tr.v. ma·nip·u·lat·ed, ma·nip·u·lat·ing, ma·nip·u·lates
1. To move, arrange, operate, or control by the hands or another body part or by mechanical means, especially in a skillful manner: She manipulated the lights to get just the effect she wanted. See Synonyms at handle.
2. To influence or manage shrewdly or deviously: He manipulated public opinion in his favor.
3. To tamper with or falsify for personal gain: tried to manipulate stock prices.
4. Medicine To handle and move in an examination or for therapeutic purposes: manipulate a joint; manipulate the position of a fetus during delivery.
[Back-formation from MANIPULATION.]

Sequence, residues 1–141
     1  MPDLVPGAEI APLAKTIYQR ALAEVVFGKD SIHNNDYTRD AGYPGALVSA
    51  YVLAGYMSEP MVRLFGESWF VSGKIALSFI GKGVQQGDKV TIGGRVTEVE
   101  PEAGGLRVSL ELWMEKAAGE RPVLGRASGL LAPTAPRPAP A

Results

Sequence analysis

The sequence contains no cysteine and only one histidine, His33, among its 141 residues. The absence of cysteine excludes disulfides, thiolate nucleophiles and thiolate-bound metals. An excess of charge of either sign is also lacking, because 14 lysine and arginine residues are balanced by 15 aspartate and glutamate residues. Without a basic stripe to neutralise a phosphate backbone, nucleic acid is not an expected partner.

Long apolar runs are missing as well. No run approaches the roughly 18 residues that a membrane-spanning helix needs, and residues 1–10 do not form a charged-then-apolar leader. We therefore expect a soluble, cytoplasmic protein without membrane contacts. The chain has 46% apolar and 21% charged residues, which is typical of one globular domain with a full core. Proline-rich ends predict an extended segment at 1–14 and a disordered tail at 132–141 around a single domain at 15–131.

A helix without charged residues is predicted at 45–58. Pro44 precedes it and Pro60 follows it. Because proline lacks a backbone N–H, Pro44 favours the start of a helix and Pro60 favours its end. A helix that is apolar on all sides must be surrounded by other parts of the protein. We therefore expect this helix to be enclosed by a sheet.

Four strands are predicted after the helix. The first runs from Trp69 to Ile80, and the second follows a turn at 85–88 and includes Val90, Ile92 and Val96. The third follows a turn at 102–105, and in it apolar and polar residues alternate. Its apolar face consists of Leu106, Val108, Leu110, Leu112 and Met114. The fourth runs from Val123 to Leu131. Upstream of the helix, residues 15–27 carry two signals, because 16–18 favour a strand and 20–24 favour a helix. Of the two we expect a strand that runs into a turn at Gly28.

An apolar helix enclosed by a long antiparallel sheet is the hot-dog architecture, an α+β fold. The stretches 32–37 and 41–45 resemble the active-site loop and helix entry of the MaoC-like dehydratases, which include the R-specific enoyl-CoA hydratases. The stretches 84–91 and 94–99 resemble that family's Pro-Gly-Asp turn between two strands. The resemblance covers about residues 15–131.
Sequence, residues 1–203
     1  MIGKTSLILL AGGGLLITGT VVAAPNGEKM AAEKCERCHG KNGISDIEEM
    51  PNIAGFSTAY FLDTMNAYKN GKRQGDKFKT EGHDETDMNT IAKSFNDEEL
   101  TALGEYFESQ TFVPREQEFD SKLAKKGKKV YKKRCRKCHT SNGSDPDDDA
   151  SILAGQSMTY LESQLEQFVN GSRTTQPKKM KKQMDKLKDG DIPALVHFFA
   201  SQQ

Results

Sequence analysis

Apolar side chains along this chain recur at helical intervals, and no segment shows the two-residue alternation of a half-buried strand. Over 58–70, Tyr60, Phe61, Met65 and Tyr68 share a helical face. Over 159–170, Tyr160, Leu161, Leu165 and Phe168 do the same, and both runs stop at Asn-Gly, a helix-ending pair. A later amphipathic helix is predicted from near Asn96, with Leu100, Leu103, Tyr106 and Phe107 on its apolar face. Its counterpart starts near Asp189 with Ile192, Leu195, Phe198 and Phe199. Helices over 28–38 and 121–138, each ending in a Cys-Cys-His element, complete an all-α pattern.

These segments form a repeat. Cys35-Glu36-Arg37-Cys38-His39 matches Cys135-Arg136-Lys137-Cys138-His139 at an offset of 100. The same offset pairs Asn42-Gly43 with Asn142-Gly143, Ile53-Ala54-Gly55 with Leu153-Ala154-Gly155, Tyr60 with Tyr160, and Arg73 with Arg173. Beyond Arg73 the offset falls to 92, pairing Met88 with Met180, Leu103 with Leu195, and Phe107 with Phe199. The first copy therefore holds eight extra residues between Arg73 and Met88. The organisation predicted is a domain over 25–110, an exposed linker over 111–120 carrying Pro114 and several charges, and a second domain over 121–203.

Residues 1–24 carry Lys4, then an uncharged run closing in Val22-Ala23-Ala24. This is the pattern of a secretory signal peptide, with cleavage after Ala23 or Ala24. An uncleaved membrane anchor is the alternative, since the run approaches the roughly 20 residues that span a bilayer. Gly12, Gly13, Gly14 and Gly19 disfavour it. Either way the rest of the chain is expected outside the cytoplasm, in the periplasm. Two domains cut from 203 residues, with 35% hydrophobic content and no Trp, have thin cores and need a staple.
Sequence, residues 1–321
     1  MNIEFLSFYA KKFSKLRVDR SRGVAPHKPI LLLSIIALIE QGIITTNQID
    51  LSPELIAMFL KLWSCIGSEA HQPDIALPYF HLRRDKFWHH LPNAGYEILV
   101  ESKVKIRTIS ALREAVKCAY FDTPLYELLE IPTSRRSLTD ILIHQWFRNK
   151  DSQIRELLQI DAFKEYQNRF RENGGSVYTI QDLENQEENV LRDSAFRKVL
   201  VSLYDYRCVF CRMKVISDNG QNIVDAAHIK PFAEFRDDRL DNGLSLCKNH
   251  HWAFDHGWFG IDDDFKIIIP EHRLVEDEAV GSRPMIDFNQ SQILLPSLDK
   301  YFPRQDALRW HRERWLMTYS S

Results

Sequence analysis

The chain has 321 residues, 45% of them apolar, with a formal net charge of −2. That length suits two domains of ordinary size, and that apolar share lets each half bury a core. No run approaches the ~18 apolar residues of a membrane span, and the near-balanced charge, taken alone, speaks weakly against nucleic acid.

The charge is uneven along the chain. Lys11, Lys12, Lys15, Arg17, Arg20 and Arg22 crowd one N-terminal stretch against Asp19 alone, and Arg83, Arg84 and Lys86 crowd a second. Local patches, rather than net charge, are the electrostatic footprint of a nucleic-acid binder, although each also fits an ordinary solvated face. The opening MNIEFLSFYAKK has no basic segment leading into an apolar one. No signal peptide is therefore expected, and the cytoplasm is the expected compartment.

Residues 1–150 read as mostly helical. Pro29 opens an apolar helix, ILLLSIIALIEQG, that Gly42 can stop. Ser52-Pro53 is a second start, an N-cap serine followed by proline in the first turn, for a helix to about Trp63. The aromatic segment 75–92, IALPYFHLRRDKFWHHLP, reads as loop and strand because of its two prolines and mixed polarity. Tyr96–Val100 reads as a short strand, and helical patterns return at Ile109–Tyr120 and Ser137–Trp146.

ma·nipu·la·to′ry (-lə-tôr′ē) adj.
The American Heritage® Dictionary of the English Language, Fifth Edition copyright ©2020 by Houghton Mifflin Harcourt Publishing Company. All rights reserved.
Indo-European & Semitic Roots Appendices
Thousands of entries in the dictionary include etymologies that trace their origins back to reconstructed proto-languages. You can obtain more information about these forms in our online appendices:
The Indo-European appendix covers nearly half of the Indo-European roots that have left their mark on English words. A more complete treatment of Indo-European roots and the English words derived from them is available in our Dictionary of Indo-European Roots.